Contemplating Death and Dreams

Doorway To Heaven Or HellSome people consider dreams as just a random string of thoughts, which we may not even remember upon awakening. And then there are those who believe in psychic dreams, where future events are revealed to us while we sleep. My mother had such a dream before her death. I had forgotten about it until recently when I began rereading some of my journal entries.

Mother’s doctor had her hospitalized on the day that she and the rest of her family learned she was terminal. Within weeks, unrelenting, she told her doctor, the hospital staff, her visitors, and anyone else who would listen that she wanted out of that hospital. She wanted to go home.

After my dad died in August 2006, mother, always the independent-minded woman, had continued to live sufficiently on her own in the house they had bought decades ago. Now, literally on her deathbed, and as she imaged still in control of her life, she made up her mind that she would not die in the hospital.

Since she kept insisting on being released, her doctor suggested that we look into in-home hospice care.That sounded practical until I discovered that her insurance, Blue Cross, would not pay for in-home hospice, which I was told would cost around $500 per day. Infeasible! Since only God knew whether mother would live for days, weeks, or months, we had no choice but to adhere to mother’s demands and bring her home. My sister and I would take turns staying with her. We would prepare and bring her food, administer her medication and assist with her personal needs.

During that stressful period, my sister and I put our lives on hold and took turns, staying a week at a time, at mother’s house. Since she was tethered to a breathing machine, mother’s mobility was limited, but you wouldn’t know it if you heard us constantly insisting that she stop climbing out of the rented hospital bed. Mother has always been strong-willed, and she was determined to do for herself for as long as she could. On the occasions when my sister and I were there together, we would sometimes look at each other, and shake our head from side-to-side silently deploring mother’s stubbornness. I don’t know how my sister spent the days during her watch, but I utilized much of my time journalizing.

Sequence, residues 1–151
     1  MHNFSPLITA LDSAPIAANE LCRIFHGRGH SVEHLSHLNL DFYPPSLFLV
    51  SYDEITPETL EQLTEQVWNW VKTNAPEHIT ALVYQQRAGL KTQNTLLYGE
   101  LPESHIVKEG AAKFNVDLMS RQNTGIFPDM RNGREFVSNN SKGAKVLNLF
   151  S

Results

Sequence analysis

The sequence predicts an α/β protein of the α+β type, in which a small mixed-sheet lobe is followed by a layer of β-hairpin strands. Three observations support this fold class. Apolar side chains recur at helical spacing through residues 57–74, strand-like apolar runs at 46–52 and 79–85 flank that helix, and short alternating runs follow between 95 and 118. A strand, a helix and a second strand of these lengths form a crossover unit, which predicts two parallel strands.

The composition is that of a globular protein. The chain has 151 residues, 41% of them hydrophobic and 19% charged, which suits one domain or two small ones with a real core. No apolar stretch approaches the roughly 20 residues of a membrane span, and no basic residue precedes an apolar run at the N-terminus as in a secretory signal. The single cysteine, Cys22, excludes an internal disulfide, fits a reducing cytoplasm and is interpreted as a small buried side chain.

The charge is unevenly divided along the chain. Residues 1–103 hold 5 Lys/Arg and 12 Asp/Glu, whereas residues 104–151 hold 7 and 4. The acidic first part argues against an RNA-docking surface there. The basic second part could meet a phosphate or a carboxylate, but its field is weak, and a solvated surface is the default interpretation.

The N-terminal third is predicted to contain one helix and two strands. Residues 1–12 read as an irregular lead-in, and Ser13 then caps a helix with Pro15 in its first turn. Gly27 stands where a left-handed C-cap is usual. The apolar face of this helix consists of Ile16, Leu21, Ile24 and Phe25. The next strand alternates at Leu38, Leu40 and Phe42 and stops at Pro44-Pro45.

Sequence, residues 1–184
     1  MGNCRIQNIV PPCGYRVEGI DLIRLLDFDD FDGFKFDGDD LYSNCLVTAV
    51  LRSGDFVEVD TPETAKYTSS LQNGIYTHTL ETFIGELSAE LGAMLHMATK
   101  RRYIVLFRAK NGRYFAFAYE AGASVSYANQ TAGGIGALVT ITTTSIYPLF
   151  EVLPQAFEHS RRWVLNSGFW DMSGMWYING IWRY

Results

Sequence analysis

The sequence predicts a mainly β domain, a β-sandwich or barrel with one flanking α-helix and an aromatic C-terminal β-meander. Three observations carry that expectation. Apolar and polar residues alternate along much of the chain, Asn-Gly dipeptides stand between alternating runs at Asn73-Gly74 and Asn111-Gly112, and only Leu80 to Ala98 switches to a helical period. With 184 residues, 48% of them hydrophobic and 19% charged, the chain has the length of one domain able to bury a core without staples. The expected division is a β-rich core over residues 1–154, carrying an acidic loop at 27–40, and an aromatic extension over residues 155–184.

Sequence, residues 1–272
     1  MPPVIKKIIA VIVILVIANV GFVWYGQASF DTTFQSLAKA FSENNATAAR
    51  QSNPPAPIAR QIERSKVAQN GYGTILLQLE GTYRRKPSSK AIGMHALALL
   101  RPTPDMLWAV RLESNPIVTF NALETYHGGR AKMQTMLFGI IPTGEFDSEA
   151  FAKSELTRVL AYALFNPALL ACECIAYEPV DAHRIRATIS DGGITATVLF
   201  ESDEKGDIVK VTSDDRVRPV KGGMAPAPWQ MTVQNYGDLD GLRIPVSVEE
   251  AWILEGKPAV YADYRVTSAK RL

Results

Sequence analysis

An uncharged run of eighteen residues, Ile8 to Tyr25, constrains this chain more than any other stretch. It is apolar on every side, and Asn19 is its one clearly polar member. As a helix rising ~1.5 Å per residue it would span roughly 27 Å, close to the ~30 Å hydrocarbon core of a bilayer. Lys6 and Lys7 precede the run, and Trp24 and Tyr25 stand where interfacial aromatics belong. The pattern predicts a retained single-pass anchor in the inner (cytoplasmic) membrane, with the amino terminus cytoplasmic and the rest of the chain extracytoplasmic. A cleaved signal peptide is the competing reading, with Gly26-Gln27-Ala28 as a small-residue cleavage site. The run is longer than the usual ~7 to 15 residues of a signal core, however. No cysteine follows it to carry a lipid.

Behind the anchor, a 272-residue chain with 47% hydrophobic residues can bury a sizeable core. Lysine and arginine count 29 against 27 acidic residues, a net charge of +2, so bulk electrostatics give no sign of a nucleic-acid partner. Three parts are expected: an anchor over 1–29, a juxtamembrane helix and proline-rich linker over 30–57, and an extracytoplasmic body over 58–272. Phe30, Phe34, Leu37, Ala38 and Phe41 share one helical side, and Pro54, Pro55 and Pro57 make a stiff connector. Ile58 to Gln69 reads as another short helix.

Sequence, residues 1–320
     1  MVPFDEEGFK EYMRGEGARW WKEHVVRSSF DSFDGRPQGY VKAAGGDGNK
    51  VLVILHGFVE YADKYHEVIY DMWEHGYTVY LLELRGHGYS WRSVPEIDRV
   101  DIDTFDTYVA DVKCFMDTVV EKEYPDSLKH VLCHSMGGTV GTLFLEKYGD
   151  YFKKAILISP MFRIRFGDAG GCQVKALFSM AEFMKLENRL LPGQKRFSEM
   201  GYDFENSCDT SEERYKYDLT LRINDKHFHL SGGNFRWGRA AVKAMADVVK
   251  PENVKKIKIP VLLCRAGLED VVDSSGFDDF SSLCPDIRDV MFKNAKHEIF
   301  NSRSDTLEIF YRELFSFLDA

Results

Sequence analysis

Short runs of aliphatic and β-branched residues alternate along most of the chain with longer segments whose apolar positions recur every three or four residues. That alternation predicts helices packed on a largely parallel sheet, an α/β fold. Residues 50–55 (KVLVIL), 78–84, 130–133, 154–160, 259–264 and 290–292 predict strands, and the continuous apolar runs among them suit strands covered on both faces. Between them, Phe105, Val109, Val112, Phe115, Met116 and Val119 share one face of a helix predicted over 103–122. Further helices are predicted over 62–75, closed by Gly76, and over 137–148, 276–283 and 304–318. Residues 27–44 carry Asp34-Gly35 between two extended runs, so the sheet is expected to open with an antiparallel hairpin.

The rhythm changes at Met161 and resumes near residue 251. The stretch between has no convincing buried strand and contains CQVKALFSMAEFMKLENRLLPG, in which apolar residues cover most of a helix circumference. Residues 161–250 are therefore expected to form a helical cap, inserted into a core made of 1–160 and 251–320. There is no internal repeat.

In a study by University of Texas psychologist and researcher James Pennebaker, he writes that writing about stressful events helps us release the intensity of our feelings and come to terms with them. How could anyone knowing that their mother is dying comes to term with that? What I knew then and have always known is that writing about my feelings, writing about nearly anything – depending on the situation – makes a difficult period easier and a pleasant experience more joyful.

Since I am in the process of writing a book about her, I’ve been rereading my journal entries recorded in the weeks preceding and immediately following mother’s death which occurred on June 18, 2014. Although I know I wrote it back then, it isn’t any easier reading it now. In fact, sometimes I become emotional and have to make a serious effort to calm myself before I continue. Painful emotions never go away; they just lie dormant until resurrected.

In one journal entry, six months before mother died, I describe a lucid dream that mother told me she had about my dad. Rereading it got me to wondering about dreams and death. This is what I wrote:

Sunday, January 12, 2014 – 8:36 PM

Mother told me that she dreamed about dad for a second time since he died. She said that in the last dream, three nights ago, dad was all dressed up in a suit. “He was looking nice, really sharp.” She said. As he was walking toward her, he stretched out his hand and said, “Come with me.”  Mother said that although she knew she was asleep, she was consciously aware that dad was dead. And she also remembered that her mother used to tell her that if you dream of a dead person and the person tells you to come with them if you go, you too will die. Mother began backing away from dad until (in reality) she fell off of the bed and awoke on the floor.

“Did you hurt yourself?” I asked. “No,” she replied, “But I’m glad I woke up.”

My mother was always an intuitive person. Is it silly when I wonder if the breast cancer that had been in remission was rekindling during that dream? Was it a premonition or a coincidence that mother died six months after having that dream? I don’t believe in coincidences, but I will always wonder if mother was holding dad’s hand when she left us.

Life is filled with mysteries, some to never be solved. Dreams are one of those.


Previous Post
Next Post